The CDC did not waste the “opportunity” to push vaccinations, even though it admitted there are “gaps” in the agency’s understanding regarding the “[e]ffectiveness of vaccine to prevent or ameliorate disease.”

[V]accination remains an important tool as the outbreak evolves and vaccination coverage, especially of second doses, increases.

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On September 15, 2022, CDC announced a new opportunity for jurisdictions to submit proposals for collaborative vaccination projects intended to expand access to disproportionately affected populations experiencing vaccination disparities. Further information can be found here.

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Gaps and Potential Areas of Focus:

Medical Countermeasure Effectiveness
•Effectiveness of vaccine to prevent or ameliorate disease when administered as pre- or post-exposure prophylaxis
•Decentralized trials, remote case monitoring, and improved access to interventions
•Comparing performance and safety of 1 vs. 2 dose vaccine regimens
•Novel methods for evaluating medical countermeasures during an outbreak

American Faith has compiled a list of concerns about the current monkeypox vaccine being ignored by the mainstream media:

  • The FDA package insert for Bavarian Nordic’s monkeypox vaccine states that heart problems of “special interest” occur in 1 in 75 vaccine recipients who have not already been vaccinated against smallpox, but also in 1 in 48 vaccine recipients who have already been vaccinated against smallpox. The insert indicates Bavarian Nordic added “tromethamine,” a drug given to treat heart attacks, to the vaccine.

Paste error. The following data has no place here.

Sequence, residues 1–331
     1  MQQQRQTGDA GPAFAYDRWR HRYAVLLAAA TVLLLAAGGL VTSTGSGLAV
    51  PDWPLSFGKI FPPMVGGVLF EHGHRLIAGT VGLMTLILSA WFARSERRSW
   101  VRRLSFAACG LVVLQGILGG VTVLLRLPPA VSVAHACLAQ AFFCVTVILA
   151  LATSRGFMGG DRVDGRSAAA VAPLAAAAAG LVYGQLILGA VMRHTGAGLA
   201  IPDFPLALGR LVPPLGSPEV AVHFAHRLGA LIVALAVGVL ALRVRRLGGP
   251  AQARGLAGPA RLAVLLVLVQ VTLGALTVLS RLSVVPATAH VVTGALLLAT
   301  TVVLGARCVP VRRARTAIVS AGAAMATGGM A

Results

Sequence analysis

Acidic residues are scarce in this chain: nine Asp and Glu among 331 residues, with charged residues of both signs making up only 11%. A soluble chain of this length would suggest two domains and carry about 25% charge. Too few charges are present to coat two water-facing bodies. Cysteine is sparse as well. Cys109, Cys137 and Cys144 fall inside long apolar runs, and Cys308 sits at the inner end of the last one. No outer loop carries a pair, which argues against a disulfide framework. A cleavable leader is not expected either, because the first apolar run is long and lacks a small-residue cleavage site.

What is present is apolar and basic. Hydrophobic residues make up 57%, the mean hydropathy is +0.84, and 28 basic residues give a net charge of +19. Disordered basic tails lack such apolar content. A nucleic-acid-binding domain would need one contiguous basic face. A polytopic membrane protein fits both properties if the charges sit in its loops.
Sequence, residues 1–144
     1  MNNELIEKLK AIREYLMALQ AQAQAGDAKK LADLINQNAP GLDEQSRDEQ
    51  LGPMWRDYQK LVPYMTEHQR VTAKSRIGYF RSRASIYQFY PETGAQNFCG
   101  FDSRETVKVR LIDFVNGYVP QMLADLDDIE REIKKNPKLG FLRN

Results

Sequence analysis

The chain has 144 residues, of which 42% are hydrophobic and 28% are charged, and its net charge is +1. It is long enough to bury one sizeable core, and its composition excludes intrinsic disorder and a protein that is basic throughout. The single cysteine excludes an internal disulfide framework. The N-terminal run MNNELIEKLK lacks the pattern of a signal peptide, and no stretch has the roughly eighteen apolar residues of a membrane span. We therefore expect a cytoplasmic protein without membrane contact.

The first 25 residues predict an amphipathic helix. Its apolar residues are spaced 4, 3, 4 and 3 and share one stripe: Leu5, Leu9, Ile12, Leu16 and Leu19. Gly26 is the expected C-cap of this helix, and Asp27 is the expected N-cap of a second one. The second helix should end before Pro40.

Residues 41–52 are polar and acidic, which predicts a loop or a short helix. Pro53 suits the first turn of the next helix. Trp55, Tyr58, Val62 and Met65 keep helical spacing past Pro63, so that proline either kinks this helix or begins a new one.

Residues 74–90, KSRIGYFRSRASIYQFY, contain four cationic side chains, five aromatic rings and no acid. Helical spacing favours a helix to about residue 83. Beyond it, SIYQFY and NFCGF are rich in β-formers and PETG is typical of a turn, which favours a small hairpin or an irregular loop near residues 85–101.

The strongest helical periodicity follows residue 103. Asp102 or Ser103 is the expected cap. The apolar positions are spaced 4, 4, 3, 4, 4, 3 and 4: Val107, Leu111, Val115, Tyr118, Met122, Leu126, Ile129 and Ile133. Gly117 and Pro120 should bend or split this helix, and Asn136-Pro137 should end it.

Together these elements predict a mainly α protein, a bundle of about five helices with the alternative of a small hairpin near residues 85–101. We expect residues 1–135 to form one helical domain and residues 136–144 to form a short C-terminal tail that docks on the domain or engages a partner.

• The CDC reported how one in four women (25%) who became pregnant after being injected with Bavarian Nordic’s monkeypox vaccine suffered a “spontaneous abortion.”
  • The monkeypox vaccine insert also says the vaccine “has not been evaluated” for “[i]mpairment of male fertility.”
  • It is not known whether Bavarian Nordic’s monkeypox vaccine is excreted in human breastmilk: “Data are not available to assess the effects of JYNNEOS in the breastfed infant or on milk production/excretion,” according to the FDA insert.
  • The insert also warns that the monkeypox vaccine “has not been evaluated for carcinogenic or mutagenic potential,” meaning it is unknown whether the vaccine causes cancer or genetic mutations in humans.
  • MIT reported earlier this month how Bavarian Nordic’s vice president of clinical strategy, Heinz Weidenthaler, admitted the effectiveness of the company’s monkeypox vaccine has not yet been tested: “[W]e’ve simply had no opportunity to test this in humans,” said Weidenthaler.
  • There are no long-term studies evaluating how the monkeypox vaccine will interact with the COVID-19 vaccine itself already linked to heart disease (herehereherehere).
  • The WHO has admitted that the monkeypox vaccine is “not 100% effective” against the virus.